From the Port Huron Times Herald:
The train will be leaving Port Huron a little earlier starting Oct. 14.
The start of the third phase of a track improvement project will bump the Port Huron westbound train departure time from 6:20 a.m. to 5:20 a.m., according to Marc Magliari, spokesman for Amtrak.
Amtrak Blue Water Train 365 will depart an hour earlier from the Port Huron station Mondays through Thursdays from Oct. 14 to Nov. 21.
“The goal is to have all this work done before the big Thanksgiving travel season,” Magliari said.
The train will depart at its regular times on Friday, Saturday and Sunday. Eastbound trains will maintain their regular schedules.
The track improvement is part of an effort among three states to improve the 300-mile track from Pontiac and Detroit through northwest Indiana and to Chicago.
The new track will allow trains to reach about 110 miles per hour.
“Blue Water passengers will benefit from higher speeds from Kalamazoo to Battle Creek,” Magliari said.
The use of the train by Port Huron riders increased from 2011 to 2012, according to Amtrak numbers.
About 24,015 tickets were bought to or from Port Huron in 2011. That number jumped to 26,696 in 2012.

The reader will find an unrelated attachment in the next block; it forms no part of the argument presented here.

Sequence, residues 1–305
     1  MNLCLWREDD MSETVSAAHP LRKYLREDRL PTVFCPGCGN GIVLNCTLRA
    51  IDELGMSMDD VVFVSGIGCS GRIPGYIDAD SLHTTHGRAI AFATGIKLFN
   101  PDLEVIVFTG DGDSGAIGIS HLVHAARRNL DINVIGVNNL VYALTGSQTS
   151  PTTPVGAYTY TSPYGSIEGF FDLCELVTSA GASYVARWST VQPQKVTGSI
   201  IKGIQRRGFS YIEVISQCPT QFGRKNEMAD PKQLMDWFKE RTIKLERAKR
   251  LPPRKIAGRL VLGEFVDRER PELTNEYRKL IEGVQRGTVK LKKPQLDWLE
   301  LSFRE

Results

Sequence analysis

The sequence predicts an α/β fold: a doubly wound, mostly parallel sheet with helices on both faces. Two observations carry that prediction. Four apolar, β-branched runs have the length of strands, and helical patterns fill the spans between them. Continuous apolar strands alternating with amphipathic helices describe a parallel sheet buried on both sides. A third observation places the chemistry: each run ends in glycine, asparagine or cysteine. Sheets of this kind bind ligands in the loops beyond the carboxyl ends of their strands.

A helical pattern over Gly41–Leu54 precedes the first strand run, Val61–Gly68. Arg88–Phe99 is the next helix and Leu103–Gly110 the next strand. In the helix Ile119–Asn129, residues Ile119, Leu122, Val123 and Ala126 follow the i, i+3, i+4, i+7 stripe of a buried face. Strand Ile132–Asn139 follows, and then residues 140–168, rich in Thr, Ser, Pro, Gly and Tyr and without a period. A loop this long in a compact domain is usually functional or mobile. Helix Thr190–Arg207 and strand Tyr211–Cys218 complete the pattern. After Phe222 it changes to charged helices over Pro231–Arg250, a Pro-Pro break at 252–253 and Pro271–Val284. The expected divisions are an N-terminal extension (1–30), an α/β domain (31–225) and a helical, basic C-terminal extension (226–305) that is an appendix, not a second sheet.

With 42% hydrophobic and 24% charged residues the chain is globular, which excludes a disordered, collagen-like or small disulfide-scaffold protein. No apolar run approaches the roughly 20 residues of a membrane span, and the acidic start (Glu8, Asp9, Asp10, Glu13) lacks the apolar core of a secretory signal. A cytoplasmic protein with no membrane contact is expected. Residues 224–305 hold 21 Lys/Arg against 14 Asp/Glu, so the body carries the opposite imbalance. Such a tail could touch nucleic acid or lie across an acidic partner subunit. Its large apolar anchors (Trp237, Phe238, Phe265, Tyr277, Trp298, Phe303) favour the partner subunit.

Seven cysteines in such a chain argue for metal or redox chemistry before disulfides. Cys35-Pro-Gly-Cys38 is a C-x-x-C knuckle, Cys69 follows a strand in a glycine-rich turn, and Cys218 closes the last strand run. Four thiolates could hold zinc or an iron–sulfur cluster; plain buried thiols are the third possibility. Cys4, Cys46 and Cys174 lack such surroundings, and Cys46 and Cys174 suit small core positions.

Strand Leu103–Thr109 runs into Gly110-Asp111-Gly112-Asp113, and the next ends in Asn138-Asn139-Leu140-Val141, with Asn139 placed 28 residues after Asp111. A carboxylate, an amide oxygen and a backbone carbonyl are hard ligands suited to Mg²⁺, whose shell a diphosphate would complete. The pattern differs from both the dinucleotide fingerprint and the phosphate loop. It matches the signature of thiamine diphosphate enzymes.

The 2013 ridership numbers will be released next week, Magliari said.
The Michigan Department of Transportation is taking the lead on the project, said Nick Schirripa, spokesman for MDOT.
MDOT is maintaining the tracks, and Amtrak is acting as the service provider, he said.
“Certainly, we want to be progressive enough to provide the kind of transportation that’s competitive with driving,” Schirripa said. “There is a movement for more mass transit.”
The first phase of the project — started Sept. 9 — included infrastructure improvements from Dearborn to Jackson.
The second phase included a section of track from Jackson to Battle Creek.
The third phase — starting Oct. 14 — will encompass Jackson to Kalamazoo.
“This is the third phase of the 2013 construction,” Magliari said. “There’s more progress to be made in 2014.”
The 2013 construction, which cost about $23 million, encompasses more than 30 miles of new track and 130,000 new cross ties.
The project was funded by the Federal Rail Administration, Schirripa said.
The completion of the project will decrease end-to-end travel time between Pontiac/Detroit and Chicago by two hours.